Microeconomic regulation

Meghana Ayyagari, Thorsten Beck, Maria Soledad Martinez Peria, 11 December 2018

Macroprudential tools have been implemented widely following the Global Crisis. Using data from 900,000 firms in 49 countries, this column finds that such policies are associated with lower credit growth during the period 2003-2011. The effects are especially significant for micro, small and medium-sized enterprises and young firms that are more financially constrained and bank dependent. The results imply a trade-off between financial stability and inclusion.

Cecile Gaubert, 14 November 2018

In order to encourage economic growth and development, governments often put in place a range of policies aimed at attracting firms to specific areas of a country. Yet relatively little is known about their implications for efficiency.This column argues that such subsidies have costly long-run effects, both on the productive efficiency of the economy and in terms of welfare. Moreover, place-based policies do not necessarily decrease spatial disparities. 

Martina F. Ferracane, Janez Kren, Erik van der Marel, 25 October 2018

Countries are increasingly imposing new data policies which restrict both the domestic use of data and the flow of data across borders. This column uses an index of data policy restrictiveness for 64 major economies to demonstrate that restrictions that apply to the cross-border movement of data have an inhibiting effect on trade in services and, to a lesser extent, on the productivity of local companies and industries. Policies targeting the use of data, on the other hand, are found to have a comparably larger effect on productivity.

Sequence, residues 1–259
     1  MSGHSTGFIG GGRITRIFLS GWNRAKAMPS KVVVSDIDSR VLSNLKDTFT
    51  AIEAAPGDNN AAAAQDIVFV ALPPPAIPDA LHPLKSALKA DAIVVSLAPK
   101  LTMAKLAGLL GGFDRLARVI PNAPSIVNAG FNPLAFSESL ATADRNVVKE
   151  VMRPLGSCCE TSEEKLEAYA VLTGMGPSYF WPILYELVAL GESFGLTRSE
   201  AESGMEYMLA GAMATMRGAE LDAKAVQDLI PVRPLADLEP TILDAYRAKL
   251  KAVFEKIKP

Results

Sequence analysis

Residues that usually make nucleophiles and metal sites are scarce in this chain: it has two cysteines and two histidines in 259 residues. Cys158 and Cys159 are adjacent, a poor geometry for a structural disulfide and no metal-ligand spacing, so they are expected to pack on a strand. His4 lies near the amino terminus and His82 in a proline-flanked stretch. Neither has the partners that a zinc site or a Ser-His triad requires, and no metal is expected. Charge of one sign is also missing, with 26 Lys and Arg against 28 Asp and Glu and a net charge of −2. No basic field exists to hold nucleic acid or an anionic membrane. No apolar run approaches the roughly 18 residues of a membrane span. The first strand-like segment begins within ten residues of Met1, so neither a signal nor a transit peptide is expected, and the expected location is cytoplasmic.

Haris Tabakovic, Thomas Wollmann, 13 September 2018

When public sector employees end up working for the private firms which they monitored, regulated, and even disciplined, a clear conflict of interest arises. However, little is known about the the scale and scope of this ‘revolving door’ problem. This column presents evidence from patent examiners employed by the US Patent and Trademark Office, and shows that examiners grant considerably more patents to the firms that ultimately hire them, and that the most likely explanation is that examiners are ‘captured’. This leniency lowers the quality of patents coming out of the agency. 

Gilbert Cette, Jimmy Lopez, Jacques Mairesse, 13 September 2018

Although many product and labour market reforms have been implemented in OECD countries during the last two decades, further reforms are still frequently promoted to increase competitiveness, restore economic growth, and improve workers’ purchasing power. This column uses new cross-country and cross-industry measures to explore how deregulation affects these markets. The results confirm that product market deregulation may reduce rent creation, but that labour market deregulation may have two opposing effects on rent sharing – a negative impact on wages and a positive impact on hours worked.

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